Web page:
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OTS 114: Dysgraphia: How You Can Support Teachers & Students


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Welcome to the show notes for Episode 114 of the OT Schoolhouse Podcast.


Did you know that Einstein and Thomas Edison may have had dysgraphia?


In our chat with Cheri Dotterer today, she discusses the truth about dysgraphia. A lot of us have had specific beliefs about what dysgraphia consists of, but the true definition may surprise you. She also explores the different types of dysgraphia and bilateral integration, which include interlaced, symmetrical, and asymmetrical.


Tune in to learn even more about dysgraphia, and the results of a 6-week handwriting club focused on visual perception, visual motor, and memory with limited pencil use.



Tune in to learn the following objectives:


  • Learners will identify the different tiers and types of dysgraphia

  • Learners will identify the different types of bilateral integration

  • Learners will identify two-minute interventions that address the core components of writing




Guest Bio


Cheri Dotterer, OTR/L


Cheri is an international speaker, author, and consultant who trains adults to shift their mindsets about struggling writers to strengthen the social-emotional well-being of people with dysgraphia so they can fully engage in life activities and unleash their potential to change their future and other generations through the written word. She has been an occupational therapist for 25 years.


Her book, Handwriting Brain-Body DisConnect, has remained in the Top 100 on Amazon since publication in Handwriting Reference and Learning Disabilities. It was also a Top 10 Finalist in the Author Academy Awards in 2019. In addition, she was nominated for the USA 2022 Dysgraphia Expert of the Year by Global Health and Pharma Magazine.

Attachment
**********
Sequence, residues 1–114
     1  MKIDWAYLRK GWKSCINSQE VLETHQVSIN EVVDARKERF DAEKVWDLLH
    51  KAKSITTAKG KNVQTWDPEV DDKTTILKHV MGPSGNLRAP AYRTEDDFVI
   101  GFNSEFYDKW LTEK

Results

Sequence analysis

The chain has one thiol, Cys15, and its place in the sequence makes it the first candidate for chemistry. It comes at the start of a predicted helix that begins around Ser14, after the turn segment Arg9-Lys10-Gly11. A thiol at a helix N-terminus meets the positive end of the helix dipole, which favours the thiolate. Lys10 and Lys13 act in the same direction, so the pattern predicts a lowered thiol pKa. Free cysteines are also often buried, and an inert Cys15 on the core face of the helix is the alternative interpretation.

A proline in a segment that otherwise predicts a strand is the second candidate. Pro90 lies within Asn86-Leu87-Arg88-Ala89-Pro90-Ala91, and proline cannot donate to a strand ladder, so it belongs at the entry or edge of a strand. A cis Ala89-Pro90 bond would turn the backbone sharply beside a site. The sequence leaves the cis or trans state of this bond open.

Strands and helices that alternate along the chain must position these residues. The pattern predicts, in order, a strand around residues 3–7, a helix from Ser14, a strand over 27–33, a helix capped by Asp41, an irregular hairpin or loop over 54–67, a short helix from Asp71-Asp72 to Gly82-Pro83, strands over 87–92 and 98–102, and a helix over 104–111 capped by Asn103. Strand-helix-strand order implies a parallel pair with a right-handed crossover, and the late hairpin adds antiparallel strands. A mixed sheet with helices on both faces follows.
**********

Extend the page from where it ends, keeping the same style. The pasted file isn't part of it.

Quotes




“Kids don't understand those symbols. And that's part of what we can do and help, as occupational therapists, is we can help them with understanding the overall concept, and how it applies to life” Cheri Dotterer, MS, OTR/L


“Dysgraphia is a disability or delay in grammar, punctuation, capitalization, sentence structure, paragraph organization and clarity, and spelling” Cheri Dotterer, MS, OTR/L


“Did they effectively get enough background in their education to understand the language…reading is truly a sensory process with a little bit of ocular motor going on”

Cheri Dotterer, MS, OTR/L


“We can help instruct the teacher or the aides on how to provide the student with the just right challenge and let them problem solve during their assignments, as opposed to giving them the answer or writing it down so that they're copying” Jayson Davies, MA, OTR/L


“Visual perception, visual motor, and memory, because those are the big three core components of writing that are the foundation; if we don't have those foundations, language and cognition aren't really going to effectively integrate” Cheri Dotterer, MS, OTR/L



Resources:




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